The first question, of course, is: Why? Why take a film that has barely aged a day since its release in 1990 and subject it to the CGI remake treatment? The second, equally pressing, question is: Who? What director worth his stripes would even attempt such a folly, and who could he persuade to be in it?
To be fair, ‘Total Recall’ isn’t the unmitigated disaster many had predicted. Its future world is nicely detailed, if deeply derivative (rain, neon, Chinese people on bikes), the action sequences occasionally spark, and the central conceit of an economically and socially divided Earth linked by a lift passing through the planet’s core is interesting enough to almost – almost – begin to justify the project.
But the positives end there. As Doug Quaid, the seemingly ordinary Joe who finds out he’s really a double-agent super spy, Colin Farrell manages to be even less convincing than Arnold Schwarzenegger. The women in his life, especially Kate Beckinsale in the badass Sharon Stone role, are beyond dull, while poor Bill Nighy is relegated to a few portentous lines before being unceremoniously knocked off.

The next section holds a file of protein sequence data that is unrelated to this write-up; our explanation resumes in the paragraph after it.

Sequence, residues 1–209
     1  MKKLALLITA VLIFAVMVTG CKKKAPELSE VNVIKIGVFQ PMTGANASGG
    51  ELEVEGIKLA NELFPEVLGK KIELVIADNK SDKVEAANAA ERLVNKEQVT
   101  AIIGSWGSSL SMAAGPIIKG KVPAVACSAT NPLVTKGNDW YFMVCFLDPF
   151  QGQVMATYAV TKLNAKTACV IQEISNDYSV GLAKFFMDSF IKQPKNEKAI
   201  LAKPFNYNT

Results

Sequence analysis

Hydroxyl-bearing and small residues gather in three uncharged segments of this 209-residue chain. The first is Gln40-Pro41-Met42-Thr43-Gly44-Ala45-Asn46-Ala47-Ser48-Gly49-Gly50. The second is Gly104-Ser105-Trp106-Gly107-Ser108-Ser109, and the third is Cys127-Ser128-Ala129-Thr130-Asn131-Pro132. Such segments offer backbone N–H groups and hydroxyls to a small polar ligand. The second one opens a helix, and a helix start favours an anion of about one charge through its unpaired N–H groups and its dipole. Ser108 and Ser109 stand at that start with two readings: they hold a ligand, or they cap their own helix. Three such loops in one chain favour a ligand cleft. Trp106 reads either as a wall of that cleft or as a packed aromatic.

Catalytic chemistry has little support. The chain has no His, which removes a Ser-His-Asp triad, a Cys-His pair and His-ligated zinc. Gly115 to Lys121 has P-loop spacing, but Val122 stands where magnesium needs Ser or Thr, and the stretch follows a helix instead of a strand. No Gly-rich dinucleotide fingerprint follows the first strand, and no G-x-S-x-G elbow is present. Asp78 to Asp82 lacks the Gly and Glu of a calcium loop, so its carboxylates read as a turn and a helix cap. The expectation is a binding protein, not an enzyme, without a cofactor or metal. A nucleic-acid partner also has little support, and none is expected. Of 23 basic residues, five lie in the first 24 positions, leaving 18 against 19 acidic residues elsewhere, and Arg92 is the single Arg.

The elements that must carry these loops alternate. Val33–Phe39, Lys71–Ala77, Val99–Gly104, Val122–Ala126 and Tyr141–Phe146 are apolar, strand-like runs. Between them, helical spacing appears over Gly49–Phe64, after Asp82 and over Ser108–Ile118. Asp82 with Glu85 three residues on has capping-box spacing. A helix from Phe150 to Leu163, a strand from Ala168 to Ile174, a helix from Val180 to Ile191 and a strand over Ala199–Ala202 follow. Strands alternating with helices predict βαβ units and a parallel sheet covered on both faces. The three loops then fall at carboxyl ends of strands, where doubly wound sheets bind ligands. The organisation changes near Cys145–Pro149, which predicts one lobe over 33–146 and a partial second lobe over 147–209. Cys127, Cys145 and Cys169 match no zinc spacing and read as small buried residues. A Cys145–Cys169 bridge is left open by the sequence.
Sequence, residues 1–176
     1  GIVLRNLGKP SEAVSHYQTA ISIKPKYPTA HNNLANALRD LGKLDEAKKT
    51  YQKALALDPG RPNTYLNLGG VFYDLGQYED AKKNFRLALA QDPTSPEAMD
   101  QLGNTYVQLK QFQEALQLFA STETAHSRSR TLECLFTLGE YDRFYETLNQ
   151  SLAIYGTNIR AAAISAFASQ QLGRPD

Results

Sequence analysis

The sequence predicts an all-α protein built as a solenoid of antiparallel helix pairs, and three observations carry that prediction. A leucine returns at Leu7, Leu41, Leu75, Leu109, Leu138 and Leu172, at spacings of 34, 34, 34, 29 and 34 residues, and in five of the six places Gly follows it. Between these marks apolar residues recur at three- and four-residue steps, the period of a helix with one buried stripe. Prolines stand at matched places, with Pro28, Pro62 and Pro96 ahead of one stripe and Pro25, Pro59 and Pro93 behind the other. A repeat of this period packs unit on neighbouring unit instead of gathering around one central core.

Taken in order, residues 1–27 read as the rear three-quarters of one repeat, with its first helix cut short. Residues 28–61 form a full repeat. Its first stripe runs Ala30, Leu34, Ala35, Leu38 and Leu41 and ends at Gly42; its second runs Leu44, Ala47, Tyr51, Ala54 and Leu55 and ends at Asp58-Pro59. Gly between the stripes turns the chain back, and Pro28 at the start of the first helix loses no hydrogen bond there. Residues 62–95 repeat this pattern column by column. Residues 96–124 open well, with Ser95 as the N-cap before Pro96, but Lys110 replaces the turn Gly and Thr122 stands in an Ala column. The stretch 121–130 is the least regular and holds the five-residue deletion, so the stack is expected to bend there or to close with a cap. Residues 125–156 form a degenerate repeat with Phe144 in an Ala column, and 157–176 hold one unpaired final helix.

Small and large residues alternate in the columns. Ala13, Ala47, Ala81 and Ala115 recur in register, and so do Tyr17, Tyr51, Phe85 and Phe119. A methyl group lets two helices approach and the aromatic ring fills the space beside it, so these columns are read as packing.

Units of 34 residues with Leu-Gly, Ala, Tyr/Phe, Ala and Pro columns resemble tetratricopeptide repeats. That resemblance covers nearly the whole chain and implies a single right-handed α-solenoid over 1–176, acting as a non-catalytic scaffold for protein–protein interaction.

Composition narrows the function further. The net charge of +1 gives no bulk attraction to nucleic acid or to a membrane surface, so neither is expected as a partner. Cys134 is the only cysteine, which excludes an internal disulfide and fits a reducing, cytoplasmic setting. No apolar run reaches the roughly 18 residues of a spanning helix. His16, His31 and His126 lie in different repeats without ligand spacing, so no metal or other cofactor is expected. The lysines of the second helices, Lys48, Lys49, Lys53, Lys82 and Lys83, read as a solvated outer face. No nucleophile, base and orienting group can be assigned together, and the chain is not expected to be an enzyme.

But the real culprit here is director Len Wiseman. There’s no denying his eye for a surprising angle and an unusual location – there’s a chase sequence set in and around a series of thundering cuboid elevators that could have been truly special. But the editing is so confusing and the action so logic- and consequence-free that it swiftly becomes almost unwatchable. The big showcase finale, as Bryan Cranston leads his robot troops into battle, is crushingly tedious: lights flash, explosions blare, everyone yells and it’s nigh-on impossible to tell what’s going on. ‘Total Recall’ is Hollywood at its worst: pointless, witless, and so very unnecessary.
Cast and crew